Petitioner contends there was an orchestrated plan to intimidate her into resigning to exculpate other officers of the company from the anomaly; and that in the course of the internal investigation, Mr. Tecson forced her to resign by saying, "Mag-resign ka na. Maiipit kami." Allegedly, this caused confusion and fear which led to her uninformed decision of tendering the resignation letter on February 15, 2000.
We agree with the Court of Appeals that it was grave error on the part of the NLRC to rely on the allegation that Mr. Tecson threatened and forced petitioner to resign. Other than being unsubstantiated and self-serving, the allegation does not suffice to support the finding of force, intimidation, and ultimately constructive dismissal.
Bare allegations of constructive dismissal, when uncorroborated by the evidence on record, cannot be given credence.27In St. Michael Academy v. National Labor Relations Commission,28 we ruled that mere allegations of threat or force do not constitute substantial evidence to support a finding of forced resignation. We enumerated the requisites for intimidation to vitiate consent as follows:
(1) that the intimidation caused the consent to be given; (2) that the threatened act be unjust or unlawful; (3) that the threat be real or serious, there being evident disproportion between the evil and the resistance which all men can offer, leading to the choice of doing the act which is forced on the person to do as the lesser evil; and (4) that it produces a well-grounded fear from the fact that the person from whom it comes has the necessary means or ability to inflict the threatened injury to his person or property. x x x29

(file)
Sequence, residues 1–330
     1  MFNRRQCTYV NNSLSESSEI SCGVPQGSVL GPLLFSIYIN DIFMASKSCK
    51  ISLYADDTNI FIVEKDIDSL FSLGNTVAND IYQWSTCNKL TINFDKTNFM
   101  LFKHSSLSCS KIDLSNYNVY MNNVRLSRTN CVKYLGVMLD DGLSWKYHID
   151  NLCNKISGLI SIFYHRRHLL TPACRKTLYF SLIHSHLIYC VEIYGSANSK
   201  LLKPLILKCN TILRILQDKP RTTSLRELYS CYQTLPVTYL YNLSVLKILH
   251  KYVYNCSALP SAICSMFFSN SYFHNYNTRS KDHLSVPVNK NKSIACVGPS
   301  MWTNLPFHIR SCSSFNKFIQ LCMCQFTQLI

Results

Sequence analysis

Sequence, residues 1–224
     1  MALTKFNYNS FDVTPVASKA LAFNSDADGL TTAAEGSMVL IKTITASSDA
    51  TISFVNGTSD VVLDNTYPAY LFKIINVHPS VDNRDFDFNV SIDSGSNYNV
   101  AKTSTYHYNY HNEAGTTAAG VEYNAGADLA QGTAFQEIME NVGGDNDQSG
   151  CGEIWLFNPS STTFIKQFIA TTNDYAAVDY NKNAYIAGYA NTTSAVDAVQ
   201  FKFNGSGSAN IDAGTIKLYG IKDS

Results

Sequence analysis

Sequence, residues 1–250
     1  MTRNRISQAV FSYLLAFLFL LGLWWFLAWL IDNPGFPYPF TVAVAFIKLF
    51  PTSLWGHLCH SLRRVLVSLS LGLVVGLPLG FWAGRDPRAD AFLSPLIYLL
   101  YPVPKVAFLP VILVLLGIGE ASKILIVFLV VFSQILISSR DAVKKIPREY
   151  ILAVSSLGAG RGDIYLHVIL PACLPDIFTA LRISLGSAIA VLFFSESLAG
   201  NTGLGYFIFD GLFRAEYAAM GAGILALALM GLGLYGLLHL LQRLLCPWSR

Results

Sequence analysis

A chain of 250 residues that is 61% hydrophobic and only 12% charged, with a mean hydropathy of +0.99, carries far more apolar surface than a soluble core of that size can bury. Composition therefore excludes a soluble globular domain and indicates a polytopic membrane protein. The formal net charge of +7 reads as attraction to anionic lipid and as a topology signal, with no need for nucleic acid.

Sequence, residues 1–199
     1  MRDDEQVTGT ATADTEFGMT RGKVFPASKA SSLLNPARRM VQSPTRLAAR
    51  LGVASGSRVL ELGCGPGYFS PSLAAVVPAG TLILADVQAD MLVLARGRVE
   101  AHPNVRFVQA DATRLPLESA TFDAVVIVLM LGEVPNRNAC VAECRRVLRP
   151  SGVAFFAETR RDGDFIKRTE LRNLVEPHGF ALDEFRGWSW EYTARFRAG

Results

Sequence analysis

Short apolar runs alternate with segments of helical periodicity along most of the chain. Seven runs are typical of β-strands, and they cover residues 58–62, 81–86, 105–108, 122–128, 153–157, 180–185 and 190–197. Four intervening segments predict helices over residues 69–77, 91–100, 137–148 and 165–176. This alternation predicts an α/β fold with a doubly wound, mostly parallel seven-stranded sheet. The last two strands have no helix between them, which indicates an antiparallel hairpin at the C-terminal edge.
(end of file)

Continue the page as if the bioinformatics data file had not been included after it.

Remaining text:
None of the above requisites was established by petitioner. Other than the allegation that Mr. Tecson intimidated petitioner into resigning, there were no other proofs presented to support a finding of forced resignation to stand against respondent’s denial and proof against dismissal. Neither can we consider the conduct of audits and other internal investigations as a form of harassment against petitioner. Said investigation was legitimate and justified, conducted in view of the discovery of the anomalous transaction involving the employees of the respondent including petitioner.
Moreover, we note that petitioner is holding a managerial position with a salary of P27,000.00 a month. Hence, she is not an ordinary employee with limited understanding such that she would be easily maneuvered or coerced to resign against her will.30 Thus, we find no compelling reason to disturb the findings and conclusions of the Court of Appeals that petitioner voluntarily resigned and was not constructively dismissed by respondent.” (Underscoring added)
xxx
Ma. Finina E. Vicente vs. The Hon. Court Of Appeals, et al. G.R. No. 175988,  August 24, 2007
Read the full text of the case here.